UN Reports Surge in Gang Violence in Haiti, With Over 1,800 Killed, Injured, or Kidnapped in Three Months
The United Nations revealed a distressing increase in gang-related violence in Haiti, reporting that a total of 1,860 people were killed, injured, or kidnapped in the country from April to June. This marks a significant 14% surge in violence compared to the first three months of the year, underscoring the alarming escalation of conflict and insecurity in the nation.
Gang Violence Epicenter: Port-au-Prince
The escalating gang violence remains predominantly concentrated in the capital city of Port-au-Prince and its surrounding areas. Notably, the slum of Cite Soleil has become a hotspot for violence, with nearly 300 individuals killed or injured by snipers within its boundaries. The situation has prompted the United Nations Integrated Office in Haiti (BINUH) to release a human rights report detailing the concerning situation.
The report was issued shortly after the United States Embassy in Haiti issued an advisory urging U.S. citizens to leave the country promptly. The ongoing insecurity, combined with infrastructure challenges, has prompted concerns for the safety of foreign nationals within Haiti’s borders.
Grim Statistics of Violence
According to the UN report, the victims of violence from April to June included 13 police officers and over 460 gang members. A majority of the gang members were killed through lynching, followed by police shootings. The period also witnessed a violent civilian uprising known as “bwa kale,” which targeted suspected criminals and resulted in the deaths of at least 230 suspected gang members.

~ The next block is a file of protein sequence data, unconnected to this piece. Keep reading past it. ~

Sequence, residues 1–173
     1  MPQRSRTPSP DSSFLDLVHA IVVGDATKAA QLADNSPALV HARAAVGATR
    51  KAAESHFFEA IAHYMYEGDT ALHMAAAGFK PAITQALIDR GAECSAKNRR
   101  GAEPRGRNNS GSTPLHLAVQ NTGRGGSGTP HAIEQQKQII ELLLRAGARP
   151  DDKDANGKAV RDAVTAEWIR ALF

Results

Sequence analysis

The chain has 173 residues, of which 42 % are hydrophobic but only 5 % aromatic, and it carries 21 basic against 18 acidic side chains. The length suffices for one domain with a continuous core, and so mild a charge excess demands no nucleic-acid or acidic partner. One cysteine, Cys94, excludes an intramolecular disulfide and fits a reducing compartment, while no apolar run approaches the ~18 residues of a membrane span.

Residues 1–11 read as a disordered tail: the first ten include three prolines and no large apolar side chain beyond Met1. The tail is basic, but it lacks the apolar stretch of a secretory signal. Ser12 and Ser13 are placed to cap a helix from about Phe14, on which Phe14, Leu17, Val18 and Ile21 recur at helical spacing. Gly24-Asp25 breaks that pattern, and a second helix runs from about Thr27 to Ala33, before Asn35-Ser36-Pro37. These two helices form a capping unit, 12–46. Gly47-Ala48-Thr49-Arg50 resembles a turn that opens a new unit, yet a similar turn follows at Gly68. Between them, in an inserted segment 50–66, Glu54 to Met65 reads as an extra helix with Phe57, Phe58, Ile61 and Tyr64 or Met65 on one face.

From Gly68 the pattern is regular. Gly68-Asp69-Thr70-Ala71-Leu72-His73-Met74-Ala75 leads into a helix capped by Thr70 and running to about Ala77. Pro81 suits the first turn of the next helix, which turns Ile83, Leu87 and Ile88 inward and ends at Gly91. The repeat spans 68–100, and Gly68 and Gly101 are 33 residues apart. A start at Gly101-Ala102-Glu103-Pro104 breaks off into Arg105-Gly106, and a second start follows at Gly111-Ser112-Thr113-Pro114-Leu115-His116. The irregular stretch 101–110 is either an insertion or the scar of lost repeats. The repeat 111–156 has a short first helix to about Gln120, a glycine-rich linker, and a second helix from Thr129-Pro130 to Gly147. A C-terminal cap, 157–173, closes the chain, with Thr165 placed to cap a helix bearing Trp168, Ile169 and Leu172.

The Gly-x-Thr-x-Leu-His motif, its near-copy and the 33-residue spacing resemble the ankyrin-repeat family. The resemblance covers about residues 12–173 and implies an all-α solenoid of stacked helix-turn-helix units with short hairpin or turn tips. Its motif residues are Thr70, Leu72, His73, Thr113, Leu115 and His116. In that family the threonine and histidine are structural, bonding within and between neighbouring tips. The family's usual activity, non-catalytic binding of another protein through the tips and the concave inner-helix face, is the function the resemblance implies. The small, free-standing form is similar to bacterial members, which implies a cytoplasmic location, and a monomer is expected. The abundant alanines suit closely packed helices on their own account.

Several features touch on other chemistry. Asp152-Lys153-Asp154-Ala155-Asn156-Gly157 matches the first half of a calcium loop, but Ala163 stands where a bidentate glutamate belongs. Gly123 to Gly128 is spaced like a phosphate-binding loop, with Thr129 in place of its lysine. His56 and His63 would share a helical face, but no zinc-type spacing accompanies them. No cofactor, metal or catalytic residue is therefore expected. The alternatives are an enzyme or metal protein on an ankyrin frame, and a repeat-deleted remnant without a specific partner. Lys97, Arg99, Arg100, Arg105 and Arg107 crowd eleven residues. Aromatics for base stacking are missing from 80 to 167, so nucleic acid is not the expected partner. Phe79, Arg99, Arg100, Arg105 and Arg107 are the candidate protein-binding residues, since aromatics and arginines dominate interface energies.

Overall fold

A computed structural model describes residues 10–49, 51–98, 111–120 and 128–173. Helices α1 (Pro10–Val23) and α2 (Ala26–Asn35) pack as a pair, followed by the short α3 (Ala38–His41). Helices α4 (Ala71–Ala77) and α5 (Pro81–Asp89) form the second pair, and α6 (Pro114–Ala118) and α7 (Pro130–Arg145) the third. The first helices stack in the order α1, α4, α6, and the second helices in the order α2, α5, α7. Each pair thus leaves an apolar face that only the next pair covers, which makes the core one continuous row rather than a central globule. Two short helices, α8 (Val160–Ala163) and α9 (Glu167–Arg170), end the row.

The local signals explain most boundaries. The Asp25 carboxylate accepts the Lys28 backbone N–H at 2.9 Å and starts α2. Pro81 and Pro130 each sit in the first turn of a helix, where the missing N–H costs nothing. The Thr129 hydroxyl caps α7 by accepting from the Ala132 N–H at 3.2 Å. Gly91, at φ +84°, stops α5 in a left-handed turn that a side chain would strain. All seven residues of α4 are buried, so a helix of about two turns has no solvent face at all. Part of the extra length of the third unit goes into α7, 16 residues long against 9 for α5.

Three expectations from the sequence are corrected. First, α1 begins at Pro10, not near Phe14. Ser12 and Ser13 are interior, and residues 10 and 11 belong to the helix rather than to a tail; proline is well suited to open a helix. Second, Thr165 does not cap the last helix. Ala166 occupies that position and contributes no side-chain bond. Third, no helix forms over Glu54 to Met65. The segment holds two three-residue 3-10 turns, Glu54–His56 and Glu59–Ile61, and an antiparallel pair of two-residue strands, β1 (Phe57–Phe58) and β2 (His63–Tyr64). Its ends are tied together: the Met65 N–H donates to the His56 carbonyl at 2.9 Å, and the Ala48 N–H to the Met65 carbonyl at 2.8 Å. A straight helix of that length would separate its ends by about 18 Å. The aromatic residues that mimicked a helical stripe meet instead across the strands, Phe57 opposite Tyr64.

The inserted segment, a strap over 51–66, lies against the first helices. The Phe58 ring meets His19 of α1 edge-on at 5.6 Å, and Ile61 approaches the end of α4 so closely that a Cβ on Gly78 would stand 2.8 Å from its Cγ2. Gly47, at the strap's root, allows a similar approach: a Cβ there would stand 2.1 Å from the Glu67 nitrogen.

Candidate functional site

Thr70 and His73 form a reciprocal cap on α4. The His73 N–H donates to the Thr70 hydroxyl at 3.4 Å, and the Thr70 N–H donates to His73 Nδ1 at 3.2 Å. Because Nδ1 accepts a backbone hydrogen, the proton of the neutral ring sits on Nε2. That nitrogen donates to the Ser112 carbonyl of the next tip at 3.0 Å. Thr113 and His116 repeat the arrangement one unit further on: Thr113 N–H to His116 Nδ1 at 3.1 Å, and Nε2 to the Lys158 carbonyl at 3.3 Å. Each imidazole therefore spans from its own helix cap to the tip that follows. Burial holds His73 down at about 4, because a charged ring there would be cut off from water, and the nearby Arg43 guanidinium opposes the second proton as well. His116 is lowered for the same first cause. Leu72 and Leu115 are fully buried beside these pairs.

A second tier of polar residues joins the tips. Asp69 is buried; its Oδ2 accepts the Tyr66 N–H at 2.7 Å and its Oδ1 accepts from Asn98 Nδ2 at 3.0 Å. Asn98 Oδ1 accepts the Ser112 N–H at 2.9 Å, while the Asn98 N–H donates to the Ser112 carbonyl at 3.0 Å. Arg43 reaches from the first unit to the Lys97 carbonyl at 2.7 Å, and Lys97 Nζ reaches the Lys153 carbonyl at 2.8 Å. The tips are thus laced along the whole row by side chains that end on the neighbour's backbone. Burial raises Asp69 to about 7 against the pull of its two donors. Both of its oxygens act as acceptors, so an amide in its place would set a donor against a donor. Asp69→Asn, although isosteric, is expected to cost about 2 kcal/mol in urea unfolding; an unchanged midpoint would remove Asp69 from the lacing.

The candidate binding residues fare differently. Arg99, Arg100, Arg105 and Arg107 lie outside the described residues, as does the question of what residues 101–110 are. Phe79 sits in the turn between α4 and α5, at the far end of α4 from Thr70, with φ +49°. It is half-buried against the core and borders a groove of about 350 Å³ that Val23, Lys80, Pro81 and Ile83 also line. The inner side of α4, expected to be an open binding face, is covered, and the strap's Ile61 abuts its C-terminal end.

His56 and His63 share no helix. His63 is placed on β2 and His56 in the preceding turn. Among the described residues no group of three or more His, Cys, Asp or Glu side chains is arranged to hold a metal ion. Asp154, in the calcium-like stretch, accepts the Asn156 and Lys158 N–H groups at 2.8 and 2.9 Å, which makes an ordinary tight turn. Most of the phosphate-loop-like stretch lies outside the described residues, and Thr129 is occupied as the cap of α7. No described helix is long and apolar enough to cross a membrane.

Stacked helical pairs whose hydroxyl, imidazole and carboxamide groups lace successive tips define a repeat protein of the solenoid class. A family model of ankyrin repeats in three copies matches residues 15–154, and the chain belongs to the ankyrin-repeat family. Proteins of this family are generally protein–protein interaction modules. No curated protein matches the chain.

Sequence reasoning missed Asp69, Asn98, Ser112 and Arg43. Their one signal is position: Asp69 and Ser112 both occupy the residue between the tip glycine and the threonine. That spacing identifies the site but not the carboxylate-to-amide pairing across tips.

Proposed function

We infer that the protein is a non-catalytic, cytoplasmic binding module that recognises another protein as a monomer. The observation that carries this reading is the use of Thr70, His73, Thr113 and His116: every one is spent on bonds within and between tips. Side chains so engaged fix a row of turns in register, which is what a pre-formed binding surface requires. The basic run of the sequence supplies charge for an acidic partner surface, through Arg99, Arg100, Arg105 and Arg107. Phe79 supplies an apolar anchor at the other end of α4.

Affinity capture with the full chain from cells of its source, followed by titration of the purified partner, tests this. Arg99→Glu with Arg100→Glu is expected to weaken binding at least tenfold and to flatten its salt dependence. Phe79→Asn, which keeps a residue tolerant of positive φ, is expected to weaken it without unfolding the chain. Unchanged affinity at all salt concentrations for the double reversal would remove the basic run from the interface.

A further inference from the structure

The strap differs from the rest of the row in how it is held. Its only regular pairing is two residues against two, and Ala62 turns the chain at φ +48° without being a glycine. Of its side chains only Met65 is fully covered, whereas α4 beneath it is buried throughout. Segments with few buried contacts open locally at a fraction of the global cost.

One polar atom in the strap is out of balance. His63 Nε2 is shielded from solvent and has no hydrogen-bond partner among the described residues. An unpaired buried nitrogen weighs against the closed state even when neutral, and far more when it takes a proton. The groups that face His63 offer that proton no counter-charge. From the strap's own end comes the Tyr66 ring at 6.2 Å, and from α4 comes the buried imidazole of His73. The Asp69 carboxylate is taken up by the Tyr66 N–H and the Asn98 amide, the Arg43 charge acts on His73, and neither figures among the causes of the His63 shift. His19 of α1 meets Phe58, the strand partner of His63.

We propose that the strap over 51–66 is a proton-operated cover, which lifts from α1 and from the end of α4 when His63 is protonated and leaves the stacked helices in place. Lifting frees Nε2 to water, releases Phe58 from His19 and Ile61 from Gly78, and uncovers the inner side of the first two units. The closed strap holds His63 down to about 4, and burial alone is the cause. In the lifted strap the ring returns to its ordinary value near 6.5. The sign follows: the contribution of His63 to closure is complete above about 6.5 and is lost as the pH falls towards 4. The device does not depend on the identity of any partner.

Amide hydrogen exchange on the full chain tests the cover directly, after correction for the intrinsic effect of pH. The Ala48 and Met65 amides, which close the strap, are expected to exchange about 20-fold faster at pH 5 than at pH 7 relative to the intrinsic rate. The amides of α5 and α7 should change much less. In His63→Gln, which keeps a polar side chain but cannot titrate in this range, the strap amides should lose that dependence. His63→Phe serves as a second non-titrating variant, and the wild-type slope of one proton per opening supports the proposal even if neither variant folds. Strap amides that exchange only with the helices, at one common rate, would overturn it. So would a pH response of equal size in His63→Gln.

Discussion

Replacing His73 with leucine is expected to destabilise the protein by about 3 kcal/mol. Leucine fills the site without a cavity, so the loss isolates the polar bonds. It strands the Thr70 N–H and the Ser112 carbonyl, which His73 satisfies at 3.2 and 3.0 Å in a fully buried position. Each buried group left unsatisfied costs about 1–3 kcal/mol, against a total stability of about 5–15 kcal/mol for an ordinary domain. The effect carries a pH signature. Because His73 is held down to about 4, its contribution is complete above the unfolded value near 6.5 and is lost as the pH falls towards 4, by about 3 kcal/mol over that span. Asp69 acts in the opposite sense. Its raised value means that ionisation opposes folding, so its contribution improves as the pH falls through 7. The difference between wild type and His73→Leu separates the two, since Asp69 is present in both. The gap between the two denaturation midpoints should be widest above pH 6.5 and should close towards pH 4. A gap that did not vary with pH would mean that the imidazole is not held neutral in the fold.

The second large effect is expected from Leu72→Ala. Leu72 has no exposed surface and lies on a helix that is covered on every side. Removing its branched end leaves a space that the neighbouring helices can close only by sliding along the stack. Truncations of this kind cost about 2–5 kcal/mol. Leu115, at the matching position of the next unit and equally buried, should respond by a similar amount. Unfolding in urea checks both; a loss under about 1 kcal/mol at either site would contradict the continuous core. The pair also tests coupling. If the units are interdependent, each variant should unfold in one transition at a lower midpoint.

Kidnappings decreased by 24% during the same period, with 298 individuals kidnapped. The majority of these incidents occurred in the Artibonite region, situated north of Port-au-Prince. Gangs continued to employ brutal tactics such as rape and mutilation to instill fear and exert control. At least 49 women in Cite Soleil were raped in April, with seven of them killed afterward.
Persistent Impunity and Judicial Challenges
The UN report highlighted the deeply rooted issue of impunity in Haiti, with a lack of accountability for the violence that plagues the nation. The judicial system’s dysfunctionality, attributed to factors such as corruption, political interference, and judicial strikes, has hindered efforts to bring perpetrators to justice.
BINUH’s report revealed the deplorable conditions within Haitian prisons, characterized by overcrowding and inhumane treatment. Around 85% of the 11,810 inmates are held in pre-trial detention, and the cell occupancy rate has reached over 330%. Tragically, more than 30 inmates died between April and June, primarily due to malnutrition-related diseases.
International Efforts to Address Gang Violence
Acknowledging the severity of the situation, a team of officials from Kenya recently arrived in Haiti to assess strategies to combat gang violence. The United States is drafting a UN Security Council resolution that would grant Kenya authorization to lead a multinational force, with plans to provide 1,000 officers. The resolution aims to address the dire security crisis in Haiti, a country grappling with over 11 million residents and a severely strained police force of approximately 10,000 officers.
Haitian Prime Minister Ariel Henry had previously requested the immediate deployment of a foreign armed force in response to the escalation of gang-controlled territories after the assassination of President Jovenel Moïse in July 2021. As the international community rallies to confront the crisis, urgent action is needed to curb the escalating violence that threatens the lives and stability of Haiti’s citizens.
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